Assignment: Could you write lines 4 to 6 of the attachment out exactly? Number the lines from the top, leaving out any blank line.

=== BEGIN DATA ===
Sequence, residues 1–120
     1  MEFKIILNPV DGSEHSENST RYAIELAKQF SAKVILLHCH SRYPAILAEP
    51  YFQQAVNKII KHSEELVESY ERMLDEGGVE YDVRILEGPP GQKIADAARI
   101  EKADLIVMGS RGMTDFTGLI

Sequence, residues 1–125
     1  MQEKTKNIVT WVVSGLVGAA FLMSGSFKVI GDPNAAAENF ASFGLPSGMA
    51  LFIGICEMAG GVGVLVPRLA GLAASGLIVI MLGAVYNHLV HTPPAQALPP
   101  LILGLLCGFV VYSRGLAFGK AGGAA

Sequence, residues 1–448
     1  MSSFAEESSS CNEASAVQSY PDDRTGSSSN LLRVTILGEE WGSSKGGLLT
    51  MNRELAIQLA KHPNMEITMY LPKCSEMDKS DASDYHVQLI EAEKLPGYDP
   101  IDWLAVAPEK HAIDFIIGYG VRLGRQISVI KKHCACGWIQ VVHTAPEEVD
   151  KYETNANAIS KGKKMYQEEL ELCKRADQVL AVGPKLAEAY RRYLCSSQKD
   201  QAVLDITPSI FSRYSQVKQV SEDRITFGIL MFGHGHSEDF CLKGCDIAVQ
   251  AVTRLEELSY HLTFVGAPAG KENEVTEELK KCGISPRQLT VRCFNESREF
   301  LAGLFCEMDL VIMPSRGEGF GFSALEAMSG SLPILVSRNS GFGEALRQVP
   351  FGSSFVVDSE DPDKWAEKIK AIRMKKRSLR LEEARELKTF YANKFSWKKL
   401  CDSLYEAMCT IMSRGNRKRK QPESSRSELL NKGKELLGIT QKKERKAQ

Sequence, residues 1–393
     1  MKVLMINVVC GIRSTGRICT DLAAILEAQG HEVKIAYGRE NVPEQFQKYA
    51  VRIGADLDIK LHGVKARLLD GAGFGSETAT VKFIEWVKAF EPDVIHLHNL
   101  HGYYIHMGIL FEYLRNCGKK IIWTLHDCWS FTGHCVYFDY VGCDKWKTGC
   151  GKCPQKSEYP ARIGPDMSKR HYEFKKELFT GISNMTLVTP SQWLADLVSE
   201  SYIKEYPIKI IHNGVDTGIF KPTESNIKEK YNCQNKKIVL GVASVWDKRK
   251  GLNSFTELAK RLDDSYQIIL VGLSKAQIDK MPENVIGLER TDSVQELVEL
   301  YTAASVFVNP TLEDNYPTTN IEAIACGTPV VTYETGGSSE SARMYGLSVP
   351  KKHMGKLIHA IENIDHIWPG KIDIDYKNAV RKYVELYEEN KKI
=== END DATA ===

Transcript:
   101  EKADLIVMGS RGMTDFTGLI

Sequence, residues 1–125
     1  MQEKTKNIVT WVVSGLVGAA FLMSGSFKVI GDPNAAAENF ASFGLPSGMA